State enforcement of this area has become aggressive. It is not uncommon
for a business to be audited by 10 or 20 states at a single time, typically
through “bounty hunters” hired by the state who are paid a percentage of the
unclaimed property they collect. Further, because ownership of the property
remains with the true owner and because the states’ rights derive from the
true owners, many states treat their ability to take custody of unclaimed
property as not being subject to any statute of limitations.
Fortunately, experience has shown that there are many ways to reduce
exposure for the liabilities. Obviously, complying with remittance
requirements for future periods is essential. In addition, liabilities from back
periods may not be as great as they initially appear once transactions are
properly classified and analyzed, in part because many states exempt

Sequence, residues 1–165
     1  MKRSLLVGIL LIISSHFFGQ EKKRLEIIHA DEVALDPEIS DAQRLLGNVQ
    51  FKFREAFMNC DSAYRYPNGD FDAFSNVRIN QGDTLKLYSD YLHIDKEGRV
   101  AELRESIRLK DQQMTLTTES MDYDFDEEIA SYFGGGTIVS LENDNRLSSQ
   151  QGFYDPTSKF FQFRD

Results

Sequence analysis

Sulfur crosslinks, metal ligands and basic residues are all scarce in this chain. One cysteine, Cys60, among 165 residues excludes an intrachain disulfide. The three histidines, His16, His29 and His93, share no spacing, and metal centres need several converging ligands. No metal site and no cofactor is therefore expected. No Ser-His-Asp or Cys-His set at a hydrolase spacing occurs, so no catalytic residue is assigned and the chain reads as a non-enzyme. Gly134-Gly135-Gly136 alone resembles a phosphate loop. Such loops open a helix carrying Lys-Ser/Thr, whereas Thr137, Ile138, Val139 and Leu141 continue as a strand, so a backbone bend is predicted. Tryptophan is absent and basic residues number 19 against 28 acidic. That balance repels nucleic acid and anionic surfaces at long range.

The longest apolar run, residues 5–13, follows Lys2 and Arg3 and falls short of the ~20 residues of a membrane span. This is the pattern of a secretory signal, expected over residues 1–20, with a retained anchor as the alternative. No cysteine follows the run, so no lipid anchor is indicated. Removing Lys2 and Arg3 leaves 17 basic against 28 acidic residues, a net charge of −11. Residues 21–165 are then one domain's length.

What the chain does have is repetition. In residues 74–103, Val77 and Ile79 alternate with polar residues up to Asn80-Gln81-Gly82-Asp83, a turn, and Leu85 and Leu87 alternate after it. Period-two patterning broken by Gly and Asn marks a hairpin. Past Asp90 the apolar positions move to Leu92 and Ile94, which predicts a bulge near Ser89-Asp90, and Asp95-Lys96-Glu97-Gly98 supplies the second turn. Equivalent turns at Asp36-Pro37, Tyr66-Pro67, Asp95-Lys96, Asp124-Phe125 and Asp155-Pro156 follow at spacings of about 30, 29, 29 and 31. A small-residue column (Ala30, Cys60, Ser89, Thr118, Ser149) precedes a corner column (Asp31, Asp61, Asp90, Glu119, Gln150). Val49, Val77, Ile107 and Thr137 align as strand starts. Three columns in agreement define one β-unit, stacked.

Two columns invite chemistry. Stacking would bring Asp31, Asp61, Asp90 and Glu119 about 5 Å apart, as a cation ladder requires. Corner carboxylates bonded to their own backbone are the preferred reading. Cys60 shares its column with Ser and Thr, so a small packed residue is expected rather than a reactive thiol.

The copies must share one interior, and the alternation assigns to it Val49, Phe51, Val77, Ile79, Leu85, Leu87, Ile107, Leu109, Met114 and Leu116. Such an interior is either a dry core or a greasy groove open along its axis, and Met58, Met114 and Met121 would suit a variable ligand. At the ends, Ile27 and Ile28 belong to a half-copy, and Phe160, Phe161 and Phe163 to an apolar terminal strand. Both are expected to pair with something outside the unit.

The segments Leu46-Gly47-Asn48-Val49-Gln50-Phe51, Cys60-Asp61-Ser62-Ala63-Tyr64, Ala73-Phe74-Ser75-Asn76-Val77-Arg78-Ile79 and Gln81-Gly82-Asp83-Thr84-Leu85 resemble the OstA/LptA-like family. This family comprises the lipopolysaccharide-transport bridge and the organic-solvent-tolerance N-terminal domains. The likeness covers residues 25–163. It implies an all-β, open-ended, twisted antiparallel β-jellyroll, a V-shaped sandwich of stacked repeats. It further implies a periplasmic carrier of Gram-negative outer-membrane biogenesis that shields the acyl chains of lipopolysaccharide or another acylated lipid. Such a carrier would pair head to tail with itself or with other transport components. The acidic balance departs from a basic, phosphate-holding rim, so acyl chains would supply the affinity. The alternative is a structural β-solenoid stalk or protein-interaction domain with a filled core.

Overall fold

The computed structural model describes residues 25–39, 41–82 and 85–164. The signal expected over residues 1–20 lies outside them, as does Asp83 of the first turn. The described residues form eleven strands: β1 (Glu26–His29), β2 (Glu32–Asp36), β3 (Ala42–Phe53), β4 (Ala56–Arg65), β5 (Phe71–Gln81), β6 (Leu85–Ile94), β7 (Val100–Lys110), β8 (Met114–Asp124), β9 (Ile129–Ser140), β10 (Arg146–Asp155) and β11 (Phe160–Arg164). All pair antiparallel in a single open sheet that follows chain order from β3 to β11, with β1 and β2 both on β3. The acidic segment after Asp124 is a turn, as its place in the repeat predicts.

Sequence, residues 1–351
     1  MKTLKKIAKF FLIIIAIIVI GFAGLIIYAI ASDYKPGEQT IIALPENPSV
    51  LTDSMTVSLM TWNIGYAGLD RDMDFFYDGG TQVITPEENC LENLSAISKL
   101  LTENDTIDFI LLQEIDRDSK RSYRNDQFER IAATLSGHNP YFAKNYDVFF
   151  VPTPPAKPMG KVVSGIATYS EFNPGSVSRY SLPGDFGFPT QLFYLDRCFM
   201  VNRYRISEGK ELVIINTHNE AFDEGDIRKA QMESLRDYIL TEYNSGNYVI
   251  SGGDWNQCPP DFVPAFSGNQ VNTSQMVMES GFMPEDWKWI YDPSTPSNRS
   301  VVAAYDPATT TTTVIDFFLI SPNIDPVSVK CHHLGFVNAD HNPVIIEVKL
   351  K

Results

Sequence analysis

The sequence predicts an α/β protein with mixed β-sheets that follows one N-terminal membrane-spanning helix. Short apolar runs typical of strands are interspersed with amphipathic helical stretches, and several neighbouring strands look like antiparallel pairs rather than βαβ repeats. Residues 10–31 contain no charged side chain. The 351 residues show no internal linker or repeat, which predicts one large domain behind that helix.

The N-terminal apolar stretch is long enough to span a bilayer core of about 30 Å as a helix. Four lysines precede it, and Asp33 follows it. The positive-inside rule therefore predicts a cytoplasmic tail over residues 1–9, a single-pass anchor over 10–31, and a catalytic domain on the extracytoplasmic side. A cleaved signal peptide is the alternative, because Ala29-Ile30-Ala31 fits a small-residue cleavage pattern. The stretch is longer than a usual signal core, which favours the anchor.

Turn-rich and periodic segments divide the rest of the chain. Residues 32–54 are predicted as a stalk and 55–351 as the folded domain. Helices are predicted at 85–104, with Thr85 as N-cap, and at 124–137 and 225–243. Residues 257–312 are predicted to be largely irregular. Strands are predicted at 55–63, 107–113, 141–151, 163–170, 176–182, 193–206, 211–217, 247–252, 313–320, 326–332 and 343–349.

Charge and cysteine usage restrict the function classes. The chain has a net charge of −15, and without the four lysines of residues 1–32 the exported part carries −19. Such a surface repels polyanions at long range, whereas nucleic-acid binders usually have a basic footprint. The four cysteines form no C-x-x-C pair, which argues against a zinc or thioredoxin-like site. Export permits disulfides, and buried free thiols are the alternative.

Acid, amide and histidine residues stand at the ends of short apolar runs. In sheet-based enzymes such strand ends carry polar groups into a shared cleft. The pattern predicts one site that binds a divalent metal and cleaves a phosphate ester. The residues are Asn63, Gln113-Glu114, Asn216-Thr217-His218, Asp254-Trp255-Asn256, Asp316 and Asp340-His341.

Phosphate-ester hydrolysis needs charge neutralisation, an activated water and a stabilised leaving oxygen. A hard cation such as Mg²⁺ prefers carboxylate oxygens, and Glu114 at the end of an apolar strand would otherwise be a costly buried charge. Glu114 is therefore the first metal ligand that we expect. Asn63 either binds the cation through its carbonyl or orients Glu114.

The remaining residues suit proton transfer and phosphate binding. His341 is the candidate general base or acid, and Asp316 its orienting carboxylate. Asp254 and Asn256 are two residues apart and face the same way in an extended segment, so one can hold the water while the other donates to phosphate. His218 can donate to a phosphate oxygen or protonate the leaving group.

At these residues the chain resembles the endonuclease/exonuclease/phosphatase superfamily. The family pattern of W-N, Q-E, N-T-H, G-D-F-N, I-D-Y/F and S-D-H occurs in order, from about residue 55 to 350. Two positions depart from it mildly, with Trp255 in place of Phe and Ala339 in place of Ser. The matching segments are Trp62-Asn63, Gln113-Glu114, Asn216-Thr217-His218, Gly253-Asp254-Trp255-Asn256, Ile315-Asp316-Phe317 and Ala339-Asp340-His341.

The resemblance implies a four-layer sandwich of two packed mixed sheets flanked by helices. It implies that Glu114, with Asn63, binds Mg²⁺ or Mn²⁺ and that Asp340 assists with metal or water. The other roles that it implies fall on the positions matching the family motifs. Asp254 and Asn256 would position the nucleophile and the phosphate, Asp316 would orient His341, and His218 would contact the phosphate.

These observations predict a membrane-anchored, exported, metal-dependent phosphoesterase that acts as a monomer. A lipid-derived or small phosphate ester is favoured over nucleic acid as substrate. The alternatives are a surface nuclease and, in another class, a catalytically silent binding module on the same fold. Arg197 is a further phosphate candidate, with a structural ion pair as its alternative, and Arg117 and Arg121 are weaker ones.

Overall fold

selected transactions from their remittance requirements. For example,
some states exclude from their unclaimed property laws any unclaimed
property originating in transactions between businesses. Finally, businesses
that come forward voluntarily, on an anonymous basis through their
attorney, often receive favorable terms from the states. These terms can
include the waiver of interest and penalties.
This Alert provides an introduction to American unclaimed property laws.
For further information and assistance with state and local tax issues
anywhere in the United States, please contact David A. Fruchtman at
04-629-0520 or 312-281-1111.
*Adapted from the author’s annual lecture on the subject to New York University’s Summer
State and Local Tax Institute.